The same cycle of false enforcement could entrench a linguistic bubbe meise as a bogus rule of usage. It begins when a self-anointed expert elevates one of his peeves or cockamamie theories into an authoritative pronouncement that some usage is incorrect, or better still, ignorant, barbaric, and vulgar. Insecure writers are intimidated into avoiding the usage. They add momentum to the false consensus by derogating those who don’t keep the faith, much like the crowds who denounced witches, class enemies, and communists out of fear that they would be denounced first. The linguists Thomas Pyles and John Algeo write of the “apparently delighted disapproval” with which the famed usage mavens H.W. Fowler and F.G. Fowler cited an error from the writing of another usage maven, commenting that “purists love above all to catch other purists in some supposed sin against English grammar.” Safire referred to one group of his indignant letter-writers as the Gotcha! Gang, and another as the UofallPeople Club.
Fortunately, as H.L. Mencken observed, “The excellent tribe of grammarians … have as much power to prohibit a single word or phrase as a gray squirrel has to put out Orion with a flicker of its tail.” Richard White had no luck banning standpoint and washtub
; William Cullen Bryant was commanding the tide to recede when he outlawed commence, compete, lengthy, and leniency; and Ambrose Bierce was unsuccessful in stigmatizing banquet, bogus, brainy, demise, negotiate, and preparedness. Even Strunk and White’s sanctified Elements of Style has some head-scratchers, like the rule that clever means “good-natured” when referring to a horse, and that people must never be preceded by a number. But as with facetious YouTube videos, some pronouncements of the language mavens unpredictably go viral, and a few, like the rule against split verbs, refuse to die.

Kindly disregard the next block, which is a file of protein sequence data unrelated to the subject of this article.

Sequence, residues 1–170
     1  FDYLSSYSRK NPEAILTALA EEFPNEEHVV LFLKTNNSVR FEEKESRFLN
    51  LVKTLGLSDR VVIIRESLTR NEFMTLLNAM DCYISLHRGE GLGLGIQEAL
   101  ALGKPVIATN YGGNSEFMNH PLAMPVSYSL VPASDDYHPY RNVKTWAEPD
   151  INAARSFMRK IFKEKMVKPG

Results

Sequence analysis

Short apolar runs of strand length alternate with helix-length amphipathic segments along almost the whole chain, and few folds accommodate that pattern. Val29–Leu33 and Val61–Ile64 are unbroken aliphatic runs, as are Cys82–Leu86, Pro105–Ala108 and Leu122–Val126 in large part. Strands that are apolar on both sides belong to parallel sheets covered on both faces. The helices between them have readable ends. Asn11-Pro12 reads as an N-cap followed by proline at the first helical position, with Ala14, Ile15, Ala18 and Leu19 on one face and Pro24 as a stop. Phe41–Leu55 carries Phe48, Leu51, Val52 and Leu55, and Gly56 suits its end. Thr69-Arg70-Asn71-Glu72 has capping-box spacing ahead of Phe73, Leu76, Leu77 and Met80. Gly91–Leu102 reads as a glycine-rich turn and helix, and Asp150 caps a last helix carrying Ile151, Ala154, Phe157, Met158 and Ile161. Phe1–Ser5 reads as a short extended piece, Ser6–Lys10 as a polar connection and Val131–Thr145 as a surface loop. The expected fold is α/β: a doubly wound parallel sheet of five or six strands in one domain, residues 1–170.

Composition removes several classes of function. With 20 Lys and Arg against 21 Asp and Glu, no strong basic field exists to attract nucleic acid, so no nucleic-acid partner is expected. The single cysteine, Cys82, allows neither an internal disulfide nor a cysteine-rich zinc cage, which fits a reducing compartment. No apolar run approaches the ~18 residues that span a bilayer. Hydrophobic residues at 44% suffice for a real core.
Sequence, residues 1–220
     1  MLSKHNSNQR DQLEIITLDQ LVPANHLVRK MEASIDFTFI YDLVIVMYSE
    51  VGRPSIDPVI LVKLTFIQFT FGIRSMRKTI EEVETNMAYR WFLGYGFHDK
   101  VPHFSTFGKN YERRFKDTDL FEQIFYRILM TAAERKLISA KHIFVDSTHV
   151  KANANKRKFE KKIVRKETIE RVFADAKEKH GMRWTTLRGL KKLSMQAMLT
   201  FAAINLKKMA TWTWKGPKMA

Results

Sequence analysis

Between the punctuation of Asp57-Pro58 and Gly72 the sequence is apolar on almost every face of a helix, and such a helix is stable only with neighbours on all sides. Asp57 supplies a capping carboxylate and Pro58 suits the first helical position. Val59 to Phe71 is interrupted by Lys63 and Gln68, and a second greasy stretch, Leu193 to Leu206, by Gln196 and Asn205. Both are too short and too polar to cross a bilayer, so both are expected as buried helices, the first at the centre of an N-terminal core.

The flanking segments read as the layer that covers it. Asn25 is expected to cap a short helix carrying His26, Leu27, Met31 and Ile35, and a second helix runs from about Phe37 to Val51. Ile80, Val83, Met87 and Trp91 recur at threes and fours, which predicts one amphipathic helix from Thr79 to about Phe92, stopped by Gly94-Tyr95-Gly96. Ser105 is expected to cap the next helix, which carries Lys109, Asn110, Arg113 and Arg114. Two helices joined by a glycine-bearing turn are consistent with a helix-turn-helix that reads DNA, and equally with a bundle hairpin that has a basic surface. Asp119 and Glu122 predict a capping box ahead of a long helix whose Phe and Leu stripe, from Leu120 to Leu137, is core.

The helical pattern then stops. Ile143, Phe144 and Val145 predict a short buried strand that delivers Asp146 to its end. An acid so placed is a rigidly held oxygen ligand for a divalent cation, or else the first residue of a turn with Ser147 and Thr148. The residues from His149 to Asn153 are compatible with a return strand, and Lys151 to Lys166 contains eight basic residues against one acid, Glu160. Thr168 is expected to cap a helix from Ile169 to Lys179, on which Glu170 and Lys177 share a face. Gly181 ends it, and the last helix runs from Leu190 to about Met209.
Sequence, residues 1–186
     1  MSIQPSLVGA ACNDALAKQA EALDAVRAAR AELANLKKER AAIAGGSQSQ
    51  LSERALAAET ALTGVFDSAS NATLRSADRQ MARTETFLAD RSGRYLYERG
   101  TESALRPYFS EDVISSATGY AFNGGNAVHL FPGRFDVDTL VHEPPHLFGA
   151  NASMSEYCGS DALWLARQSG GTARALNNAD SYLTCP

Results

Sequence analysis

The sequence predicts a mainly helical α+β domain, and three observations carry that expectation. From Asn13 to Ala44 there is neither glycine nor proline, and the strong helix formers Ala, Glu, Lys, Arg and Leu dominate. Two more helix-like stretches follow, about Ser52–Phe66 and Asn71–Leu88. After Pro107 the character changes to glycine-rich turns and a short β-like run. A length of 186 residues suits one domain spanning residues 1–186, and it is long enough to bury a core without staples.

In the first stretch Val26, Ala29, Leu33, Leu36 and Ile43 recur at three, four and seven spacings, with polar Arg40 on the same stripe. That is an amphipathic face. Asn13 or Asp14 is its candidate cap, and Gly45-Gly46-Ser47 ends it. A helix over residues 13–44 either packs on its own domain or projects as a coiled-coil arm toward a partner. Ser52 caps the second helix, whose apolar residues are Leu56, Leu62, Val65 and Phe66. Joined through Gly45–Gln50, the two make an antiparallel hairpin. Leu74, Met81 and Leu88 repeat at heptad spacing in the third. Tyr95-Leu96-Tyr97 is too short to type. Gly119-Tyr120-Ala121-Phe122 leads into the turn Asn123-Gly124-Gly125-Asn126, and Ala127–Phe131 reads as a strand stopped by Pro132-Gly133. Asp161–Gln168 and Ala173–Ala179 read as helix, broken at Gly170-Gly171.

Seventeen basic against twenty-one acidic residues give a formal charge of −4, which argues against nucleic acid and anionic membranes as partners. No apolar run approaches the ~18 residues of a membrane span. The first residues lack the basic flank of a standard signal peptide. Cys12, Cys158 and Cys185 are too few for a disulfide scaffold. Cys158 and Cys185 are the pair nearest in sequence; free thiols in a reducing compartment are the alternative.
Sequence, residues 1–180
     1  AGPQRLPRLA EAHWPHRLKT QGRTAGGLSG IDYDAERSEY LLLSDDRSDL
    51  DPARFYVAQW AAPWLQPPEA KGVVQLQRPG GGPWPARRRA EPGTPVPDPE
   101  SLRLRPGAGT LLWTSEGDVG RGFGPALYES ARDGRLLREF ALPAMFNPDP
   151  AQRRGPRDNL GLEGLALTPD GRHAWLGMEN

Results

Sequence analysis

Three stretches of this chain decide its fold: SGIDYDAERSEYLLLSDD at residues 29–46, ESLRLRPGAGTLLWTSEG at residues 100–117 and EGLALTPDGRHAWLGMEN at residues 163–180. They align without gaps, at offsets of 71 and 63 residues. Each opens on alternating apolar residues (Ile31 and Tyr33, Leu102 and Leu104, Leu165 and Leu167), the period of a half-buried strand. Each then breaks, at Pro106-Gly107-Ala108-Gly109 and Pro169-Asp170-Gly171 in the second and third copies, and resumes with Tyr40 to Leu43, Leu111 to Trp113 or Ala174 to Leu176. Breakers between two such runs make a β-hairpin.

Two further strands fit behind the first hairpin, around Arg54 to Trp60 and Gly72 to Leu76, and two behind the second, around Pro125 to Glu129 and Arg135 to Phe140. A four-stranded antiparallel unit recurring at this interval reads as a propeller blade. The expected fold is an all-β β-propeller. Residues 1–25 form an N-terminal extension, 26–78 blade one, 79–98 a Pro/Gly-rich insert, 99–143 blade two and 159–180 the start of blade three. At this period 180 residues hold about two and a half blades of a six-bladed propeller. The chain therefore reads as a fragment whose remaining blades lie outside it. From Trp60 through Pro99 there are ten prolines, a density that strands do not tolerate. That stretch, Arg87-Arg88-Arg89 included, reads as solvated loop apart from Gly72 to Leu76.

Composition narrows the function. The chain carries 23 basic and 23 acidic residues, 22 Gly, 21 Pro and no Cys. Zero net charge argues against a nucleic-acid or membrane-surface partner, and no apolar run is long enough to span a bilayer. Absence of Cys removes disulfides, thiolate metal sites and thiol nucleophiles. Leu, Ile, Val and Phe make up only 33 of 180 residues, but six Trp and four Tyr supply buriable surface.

The Usage Panel: A Barometer of Common Knowledge
The writers of dictionaries face a challenge. Careful speakers command intricate representations of the meanings of words. This collective understanding is a treasure that is well worth preserving and refining, and dictionaries are what we count on to do it. We use them to avoid conveying unintended meanings, to ease the burden on our readers, to enhance the grace and vigor of our writing and speaking, to understand and appreciate the words of others. But while dictionaries attune their users to the common knowledge of a community of careful speakers, they also help to create that common knowledge, because the users will adapt their expectations to the expectations that are ratified in dictionary entries. Dictionaries thus face the danger of perpetuating a false consensus—of entrenching bubbe meises by the very act of acknowledging that some number of speakers respect them. Yet it would be irresponsible not to acknowledge them, because literate people want to speak and write as everyone expects literate people to speak and write.